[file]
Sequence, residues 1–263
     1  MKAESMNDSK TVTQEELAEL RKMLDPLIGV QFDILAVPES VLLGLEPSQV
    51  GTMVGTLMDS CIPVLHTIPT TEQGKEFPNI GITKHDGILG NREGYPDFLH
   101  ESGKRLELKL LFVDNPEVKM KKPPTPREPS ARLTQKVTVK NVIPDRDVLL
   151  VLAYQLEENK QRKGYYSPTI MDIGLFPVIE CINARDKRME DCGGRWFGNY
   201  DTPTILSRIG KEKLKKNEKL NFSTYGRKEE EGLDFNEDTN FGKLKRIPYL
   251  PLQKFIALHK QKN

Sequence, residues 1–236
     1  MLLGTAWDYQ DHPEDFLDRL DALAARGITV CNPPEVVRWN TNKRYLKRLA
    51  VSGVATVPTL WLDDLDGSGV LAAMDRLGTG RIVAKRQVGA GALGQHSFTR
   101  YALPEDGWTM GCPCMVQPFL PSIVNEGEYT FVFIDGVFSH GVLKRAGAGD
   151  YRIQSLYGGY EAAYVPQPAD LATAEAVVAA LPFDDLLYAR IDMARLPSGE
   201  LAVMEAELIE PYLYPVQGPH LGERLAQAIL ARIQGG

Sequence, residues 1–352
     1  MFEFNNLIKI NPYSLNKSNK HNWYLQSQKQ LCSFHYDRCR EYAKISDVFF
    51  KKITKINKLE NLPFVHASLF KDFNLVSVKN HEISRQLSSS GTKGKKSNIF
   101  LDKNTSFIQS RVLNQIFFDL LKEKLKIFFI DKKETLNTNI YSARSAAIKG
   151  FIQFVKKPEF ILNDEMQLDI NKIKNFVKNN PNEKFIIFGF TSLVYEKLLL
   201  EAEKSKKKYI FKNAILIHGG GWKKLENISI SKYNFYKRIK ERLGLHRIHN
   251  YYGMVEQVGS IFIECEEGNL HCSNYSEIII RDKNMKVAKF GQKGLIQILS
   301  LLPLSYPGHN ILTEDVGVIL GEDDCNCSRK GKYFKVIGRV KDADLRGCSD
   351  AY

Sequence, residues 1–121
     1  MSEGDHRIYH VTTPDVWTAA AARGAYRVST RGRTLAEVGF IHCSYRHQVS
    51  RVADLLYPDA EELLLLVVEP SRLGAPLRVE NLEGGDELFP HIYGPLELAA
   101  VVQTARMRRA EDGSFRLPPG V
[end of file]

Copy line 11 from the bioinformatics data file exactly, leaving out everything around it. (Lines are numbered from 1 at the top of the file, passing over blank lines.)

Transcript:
   101  YALPEDGWTM GCPCMVQPFL PSIVNEGEYT FVFIDGVFSH GVLKRAGAGD